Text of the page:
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regular-article-logo Monday, 27 May 2024

An ecological soul

There is no denying that Sonam Wangchuk has shown a great mailed fist, a human and very Ladakhi fist, to what may be called the assumptions and presumptions of ‘progress’

Gopalkrishna Gandhi Published 21.04.24, 06:47 AM
Sonam Wangchuk

Sonam Wangchuk File picture

Arne Naess is not a name that many in India would recognise. The Norwegian philosopher and environmentalist, who died in 2009 at the age of 96, meant nothing to this country though this country meant the world to him. Norway, for the superficial mind, is a faraway land with no colonial connect to India, nor an immediately discernible cultural or intellectual one either. And as for any direct experience of it, who would want to visit its steep and rugged slopes for snow when that thrill can be had in Switzerland, with strawberries thrown in, with far greater ease?

Sonam Wangchuk, too, is a name that many in India have been unfamiliar with. The engineer, architect, educator, who is 57 now, is from Ladakh, a faraway part of India which, though not so difficult to reach, is so high, oh, so high, that you will run the risk of a severe oxygen deficit. Who would want that when the ‘snow touch’ can be felt in Gulmarg, much more easily accessed, with saffron thrown in?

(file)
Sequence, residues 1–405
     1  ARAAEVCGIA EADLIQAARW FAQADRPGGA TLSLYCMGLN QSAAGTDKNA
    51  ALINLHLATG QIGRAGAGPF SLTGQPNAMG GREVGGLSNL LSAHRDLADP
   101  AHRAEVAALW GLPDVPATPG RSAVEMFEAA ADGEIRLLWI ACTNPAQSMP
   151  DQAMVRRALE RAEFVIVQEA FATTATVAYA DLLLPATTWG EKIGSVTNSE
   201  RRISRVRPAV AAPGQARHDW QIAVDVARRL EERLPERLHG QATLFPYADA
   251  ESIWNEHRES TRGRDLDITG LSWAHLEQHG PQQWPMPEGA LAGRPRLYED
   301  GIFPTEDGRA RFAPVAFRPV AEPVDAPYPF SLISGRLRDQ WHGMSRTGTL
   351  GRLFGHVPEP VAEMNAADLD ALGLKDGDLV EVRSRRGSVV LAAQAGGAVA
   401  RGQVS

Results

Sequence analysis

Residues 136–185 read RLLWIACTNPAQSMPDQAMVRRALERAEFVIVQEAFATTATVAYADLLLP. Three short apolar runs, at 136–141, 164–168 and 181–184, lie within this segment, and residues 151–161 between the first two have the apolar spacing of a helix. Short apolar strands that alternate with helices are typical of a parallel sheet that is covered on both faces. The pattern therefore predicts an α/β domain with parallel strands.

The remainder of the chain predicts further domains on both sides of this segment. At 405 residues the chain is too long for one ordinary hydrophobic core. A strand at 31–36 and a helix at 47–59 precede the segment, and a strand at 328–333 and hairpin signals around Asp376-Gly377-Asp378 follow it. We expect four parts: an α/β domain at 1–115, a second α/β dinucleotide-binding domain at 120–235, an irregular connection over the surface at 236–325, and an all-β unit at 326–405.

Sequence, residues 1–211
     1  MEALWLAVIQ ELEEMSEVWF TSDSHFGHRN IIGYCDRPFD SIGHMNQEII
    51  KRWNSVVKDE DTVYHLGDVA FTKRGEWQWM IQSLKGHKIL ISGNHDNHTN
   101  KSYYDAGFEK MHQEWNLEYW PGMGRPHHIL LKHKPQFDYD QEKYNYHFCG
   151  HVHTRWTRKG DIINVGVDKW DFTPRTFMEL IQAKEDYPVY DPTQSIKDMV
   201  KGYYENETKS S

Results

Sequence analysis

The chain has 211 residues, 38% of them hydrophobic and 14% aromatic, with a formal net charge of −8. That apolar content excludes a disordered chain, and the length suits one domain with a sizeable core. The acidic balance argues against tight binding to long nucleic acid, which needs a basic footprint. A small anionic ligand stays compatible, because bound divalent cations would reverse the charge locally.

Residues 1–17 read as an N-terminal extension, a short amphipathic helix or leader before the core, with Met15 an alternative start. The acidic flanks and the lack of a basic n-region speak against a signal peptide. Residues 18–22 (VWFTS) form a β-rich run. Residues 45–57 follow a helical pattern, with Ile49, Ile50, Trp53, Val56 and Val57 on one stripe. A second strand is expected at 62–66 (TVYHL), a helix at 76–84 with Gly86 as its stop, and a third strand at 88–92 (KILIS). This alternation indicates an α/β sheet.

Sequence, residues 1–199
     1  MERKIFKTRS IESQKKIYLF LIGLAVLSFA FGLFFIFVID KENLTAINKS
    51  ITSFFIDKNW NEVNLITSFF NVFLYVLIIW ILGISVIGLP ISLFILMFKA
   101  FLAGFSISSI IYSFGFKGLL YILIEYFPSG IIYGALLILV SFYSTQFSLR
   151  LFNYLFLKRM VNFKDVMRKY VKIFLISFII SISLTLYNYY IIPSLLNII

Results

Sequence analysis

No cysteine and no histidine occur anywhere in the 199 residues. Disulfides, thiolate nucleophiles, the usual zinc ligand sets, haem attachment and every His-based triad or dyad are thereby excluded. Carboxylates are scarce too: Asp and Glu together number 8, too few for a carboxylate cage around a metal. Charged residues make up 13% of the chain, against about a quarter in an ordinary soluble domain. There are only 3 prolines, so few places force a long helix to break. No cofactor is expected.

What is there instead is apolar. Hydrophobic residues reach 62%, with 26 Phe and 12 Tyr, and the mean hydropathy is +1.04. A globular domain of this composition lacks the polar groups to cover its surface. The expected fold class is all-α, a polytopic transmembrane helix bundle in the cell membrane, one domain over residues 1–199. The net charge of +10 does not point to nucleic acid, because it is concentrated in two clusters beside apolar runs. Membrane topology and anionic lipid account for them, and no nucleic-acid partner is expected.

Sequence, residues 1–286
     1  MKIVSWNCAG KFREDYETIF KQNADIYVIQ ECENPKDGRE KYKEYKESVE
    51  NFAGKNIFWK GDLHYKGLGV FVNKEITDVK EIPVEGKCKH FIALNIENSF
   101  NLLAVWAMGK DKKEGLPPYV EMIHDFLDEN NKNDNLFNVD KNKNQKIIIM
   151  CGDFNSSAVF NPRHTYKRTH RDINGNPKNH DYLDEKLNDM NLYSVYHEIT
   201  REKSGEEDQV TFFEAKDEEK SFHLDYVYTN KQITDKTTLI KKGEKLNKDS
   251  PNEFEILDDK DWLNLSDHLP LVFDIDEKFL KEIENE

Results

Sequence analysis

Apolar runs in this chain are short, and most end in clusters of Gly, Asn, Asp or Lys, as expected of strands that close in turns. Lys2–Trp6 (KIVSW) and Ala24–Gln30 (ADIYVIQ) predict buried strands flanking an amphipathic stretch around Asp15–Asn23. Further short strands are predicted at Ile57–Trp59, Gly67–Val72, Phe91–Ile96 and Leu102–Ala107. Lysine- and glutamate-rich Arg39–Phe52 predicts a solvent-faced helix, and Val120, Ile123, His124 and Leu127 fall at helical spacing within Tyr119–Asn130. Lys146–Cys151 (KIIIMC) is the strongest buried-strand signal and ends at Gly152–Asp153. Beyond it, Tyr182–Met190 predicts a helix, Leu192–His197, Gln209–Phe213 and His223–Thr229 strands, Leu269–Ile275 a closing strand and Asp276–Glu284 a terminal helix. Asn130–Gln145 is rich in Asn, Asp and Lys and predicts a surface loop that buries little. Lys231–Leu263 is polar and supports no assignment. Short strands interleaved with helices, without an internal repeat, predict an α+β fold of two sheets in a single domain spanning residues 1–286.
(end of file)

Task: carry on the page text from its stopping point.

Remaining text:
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But here I must make a disclosure. While I have been in Norway, thanks to having been posted in our embassy in Oslo, and have had the privilege of meeting Naess, I have never been to Ladakh, nor met Wangchuk. My knowledge of the senior is first-hand, of his junior in age and environmental activism, derived from others’ writings.

My wife, Tara, an ornithologist and nature conservationist, had known of the great man and told me about him when we were about to set out for the land of the midnight sun. My cherished friend, the acclaimed historian, enthusiastic expert on environmental movements worldwide and biographer of Gandhi, Ramachandra Guha, acquainted me with more details on him. “Naess is regarded by many as an extremist,” Ram said, “and in a sense his ‘deep ecology’ idea is extreme but he is deadly earnest, and his passion is infectious. Besides, Naess’s sense of India and of Gandhi is as deep as his concept of ecology. Meet him earlier than later as he is getting on.” And he said the great movements for the ecological integrity of the Himalaya, of which Chandi Prasad Bhatt and Sunderlal Bahuguna were pioneers, had a conceptual link with Naess’s ‘ecosophy’ — ecological philosophy.